Given the level of ambition of the government’s emissions targets, the price starts at around $110, rises at 5% per year (the rate of interest in the model) until reaching about $264 in 2033. This high price reflects the difficulty of achieving such a target within the NZ ETS and without international linking, which we lose at the end of this month. It is driven by a high level of business as usual emissions - because emissions have grown so much since 1990, a 5% cut relative to that involves a much larger cut relative to current emissions – and a low level of estimated (from others’ models) responsiveness to emissions prices. Responsiveness could probably be increased with complementary policies.  

Figure 1: The modelled price path of NZUs.

Friday, 15 May 2015

Majority of New Zealanders are concerned about climate change and taking actions that reduce emissions

By Catherine Leining, Policy Fellow, Motu Economic and Public Policy Research

The following media release was issued by Motu on 15 May 2015.

A strong majority of New Zealanders are concerned about climate change and taking actions that reduce household emissions, according to a recent survey.

Researchers at Motu Economic and Public Policy Research, an independent, not-for-profit research institute, and Victoria University of Wellington designed the survey of about 2200 New Zealanders aged 18+. The survey was conducted by Horizon Research Limited from 28 July to 1 September 2014 with support from the Sustainable Business Council.

The survey showed that about 87% of New Zealanders are at least somewhat concerned about the effects of climate change on society in general.

63% are concerned or very concerned about the societal effects of climate change and 58% are concerned or very concerned about the personal effects.


Figure from Horizon Research Ltd (2014)









Monday, 11 May 2015

Shaping New Zealand’s Contribution to a Low-Emission Future

By Catherine Leining (Policy Fellow) and Suzi Kerr (Senior Fellow), Motu Economic and Public Policy Research


In the international climate change negotiations, countries are currently preparing their emission reduction proposals for the period post-2020.  For many countries, these are likely to include quantified emission reduction targets plus a supporting explanation.  The New Zealand government is starting the consultation process on its proposal. 

At the global level, if countries want to limit the future temperature rise to no more than two degrees Celsius above pre-industrial levels, then two target numbers really matter.  The first is zero. We need to achieve zero net annual CO2 emissions globally by 2100. The second is one trillion. Global emissions need to peak and decline in order to limit cumulative net CO2 emissions to no more than one trillion tonnes of CO2 (as carbon) starting from the pre-industrial period. Under business as usual, we are projected to exceed our cumulative limit before mid-century. While many countries acknowledge the importance of the global temperature goal, most won’t commit to anything that appears to threaten their citizens’ development needs.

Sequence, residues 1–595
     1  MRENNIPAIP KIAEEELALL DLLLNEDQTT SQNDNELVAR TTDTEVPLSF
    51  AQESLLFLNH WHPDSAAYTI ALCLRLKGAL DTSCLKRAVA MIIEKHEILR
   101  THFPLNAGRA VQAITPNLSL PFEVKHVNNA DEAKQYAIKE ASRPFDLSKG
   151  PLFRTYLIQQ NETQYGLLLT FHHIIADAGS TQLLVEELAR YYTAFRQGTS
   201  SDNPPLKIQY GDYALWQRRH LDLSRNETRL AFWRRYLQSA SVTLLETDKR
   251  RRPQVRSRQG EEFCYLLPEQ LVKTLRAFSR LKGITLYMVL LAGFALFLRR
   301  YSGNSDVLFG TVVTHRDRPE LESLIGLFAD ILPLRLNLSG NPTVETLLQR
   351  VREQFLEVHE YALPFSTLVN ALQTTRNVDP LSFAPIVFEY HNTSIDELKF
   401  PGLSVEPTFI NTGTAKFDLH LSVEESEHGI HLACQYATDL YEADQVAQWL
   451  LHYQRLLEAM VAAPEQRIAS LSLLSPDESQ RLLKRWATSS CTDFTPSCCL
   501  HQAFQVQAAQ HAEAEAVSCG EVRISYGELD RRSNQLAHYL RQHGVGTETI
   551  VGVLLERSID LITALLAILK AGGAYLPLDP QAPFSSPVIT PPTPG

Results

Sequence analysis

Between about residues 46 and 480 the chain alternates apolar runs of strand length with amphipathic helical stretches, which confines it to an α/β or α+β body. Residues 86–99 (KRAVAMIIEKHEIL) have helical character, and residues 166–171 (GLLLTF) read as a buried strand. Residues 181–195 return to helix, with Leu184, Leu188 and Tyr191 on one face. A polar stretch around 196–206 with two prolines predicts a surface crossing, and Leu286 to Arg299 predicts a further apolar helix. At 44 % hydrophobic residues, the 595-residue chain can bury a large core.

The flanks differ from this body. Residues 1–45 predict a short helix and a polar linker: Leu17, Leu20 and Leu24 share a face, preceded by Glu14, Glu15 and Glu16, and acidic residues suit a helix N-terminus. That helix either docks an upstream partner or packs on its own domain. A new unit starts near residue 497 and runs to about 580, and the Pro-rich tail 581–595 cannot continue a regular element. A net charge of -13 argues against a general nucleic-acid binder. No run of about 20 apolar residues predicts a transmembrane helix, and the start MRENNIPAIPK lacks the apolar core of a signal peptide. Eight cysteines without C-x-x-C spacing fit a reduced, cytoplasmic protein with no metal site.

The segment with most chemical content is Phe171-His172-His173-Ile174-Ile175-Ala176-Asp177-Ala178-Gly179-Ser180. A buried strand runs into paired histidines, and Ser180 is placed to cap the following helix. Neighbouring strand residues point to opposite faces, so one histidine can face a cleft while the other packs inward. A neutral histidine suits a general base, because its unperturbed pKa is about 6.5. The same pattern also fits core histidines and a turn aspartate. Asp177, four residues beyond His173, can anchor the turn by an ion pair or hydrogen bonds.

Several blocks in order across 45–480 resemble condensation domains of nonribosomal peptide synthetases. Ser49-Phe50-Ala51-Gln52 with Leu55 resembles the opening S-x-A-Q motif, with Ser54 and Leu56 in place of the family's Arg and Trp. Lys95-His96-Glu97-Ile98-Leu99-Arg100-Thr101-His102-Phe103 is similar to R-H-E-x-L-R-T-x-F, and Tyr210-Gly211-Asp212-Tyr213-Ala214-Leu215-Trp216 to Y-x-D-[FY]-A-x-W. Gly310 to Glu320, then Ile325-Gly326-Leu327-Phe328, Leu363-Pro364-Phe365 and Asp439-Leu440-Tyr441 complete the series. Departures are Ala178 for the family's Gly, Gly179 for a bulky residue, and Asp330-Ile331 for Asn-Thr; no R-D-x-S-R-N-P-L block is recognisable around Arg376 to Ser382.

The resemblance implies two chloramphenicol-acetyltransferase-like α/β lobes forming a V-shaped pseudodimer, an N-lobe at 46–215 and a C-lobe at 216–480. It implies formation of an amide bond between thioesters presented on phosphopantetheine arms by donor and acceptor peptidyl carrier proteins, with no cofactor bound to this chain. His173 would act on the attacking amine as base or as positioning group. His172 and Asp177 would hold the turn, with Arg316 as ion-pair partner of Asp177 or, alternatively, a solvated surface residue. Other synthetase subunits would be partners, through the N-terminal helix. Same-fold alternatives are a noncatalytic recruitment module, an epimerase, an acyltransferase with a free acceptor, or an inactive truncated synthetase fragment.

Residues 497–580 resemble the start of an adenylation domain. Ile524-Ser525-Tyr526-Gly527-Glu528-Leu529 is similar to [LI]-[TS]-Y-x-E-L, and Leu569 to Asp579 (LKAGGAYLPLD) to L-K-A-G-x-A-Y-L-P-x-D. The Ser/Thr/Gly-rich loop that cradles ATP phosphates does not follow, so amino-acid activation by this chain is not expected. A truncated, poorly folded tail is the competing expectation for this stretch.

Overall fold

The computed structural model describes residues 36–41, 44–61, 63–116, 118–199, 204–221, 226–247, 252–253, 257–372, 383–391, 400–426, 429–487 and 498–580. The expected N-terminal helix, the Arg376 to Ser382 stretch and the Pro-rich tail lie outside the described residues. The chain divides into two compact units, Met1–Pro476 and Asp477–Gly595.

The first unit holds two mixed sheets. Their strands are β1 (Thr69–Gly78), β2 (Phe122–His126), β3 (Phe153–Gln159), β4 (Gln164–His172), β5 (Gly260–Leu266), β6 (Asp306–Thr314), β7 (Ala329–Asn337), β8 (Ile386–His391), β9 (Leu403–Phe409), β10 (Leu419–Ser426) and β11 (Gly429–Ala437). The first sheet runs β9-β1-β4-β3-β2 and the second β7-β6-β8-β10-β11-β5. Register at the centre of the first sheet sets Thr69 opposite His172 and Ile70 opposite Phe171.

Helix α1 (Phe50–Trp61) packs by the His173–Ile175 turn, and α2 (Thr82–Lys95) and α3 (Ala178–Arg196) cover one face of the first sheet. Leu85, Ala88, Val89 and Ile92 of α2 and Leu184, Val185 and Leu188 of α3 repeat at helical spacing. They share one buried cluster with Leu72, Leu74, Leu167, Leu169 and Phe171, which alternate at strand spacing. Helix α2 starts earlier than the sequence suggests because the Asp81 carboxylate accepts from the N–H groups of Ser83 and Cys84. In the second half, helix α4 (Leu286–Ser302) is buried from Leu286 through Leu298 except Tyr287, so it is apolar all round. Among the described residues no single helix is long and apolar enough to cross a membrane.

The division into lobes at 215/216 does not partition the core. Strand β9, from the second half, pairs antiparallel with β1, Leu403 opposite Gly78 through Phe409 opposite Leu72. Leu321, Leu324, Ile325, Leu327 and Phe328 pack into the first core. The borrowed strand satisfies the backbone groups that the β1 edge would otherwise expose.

To turn those targets into reality, countries need to define collaborative pathways that will deliver a zero-net-emission future while meeting development needs. Recognising the uncertainties inherent in future technologies, markets and politics, what might transformational pathway choices look like for New Zealand?  Here are nine possibilities as a starting point for discussion.

Thursday, 7 May 2015

Ontario on a Tear with its New Climate Proposal



By Derek Walker, Associate Vice President of the Environmental Defense Fund. Cross-posted from the EDF with permission. View the original post here.

Once upon a time, an international agreement forged through the United Nations Framework Convention on Climate Change (UNFCCC) seemed the surest route to meaningful action on climate change. But the complexities of reaching common ground between nearly 200 distinct national agendas have dimmed the hopes for the sort of “global deal” envisioned in the run-up to the Copenhagen conference in 2009. The UN process has provided a platform for countries to make new emission reduction commitments: Mexico recently announced a promising post-2020 climate commitment, and the US-China announcement last November was a game-changer. Even these critical breakthroughs, however, demonstrate that strong action on climate will be driven from the “bottom up” by national policies, not from the “top down” by an international treaty.

Thankfully, many leaders are blazing a path towards climate progress, working from the ground up and collaborating with others to foster collective action. As I have previously written, cities, states, and provinces are going ahead with some of the most substantial climate commitments to date. Ontario – Canada’s largest province, with 40 percent of the country’s population and nearly one-quarter of its greenhouse gas emissions – has become the latest jurisdiction to chart an ambitious path forward with this morning’s announcement of a comprehensive cap-and-trade program intended to ultimately link with the existing California-Quebec system.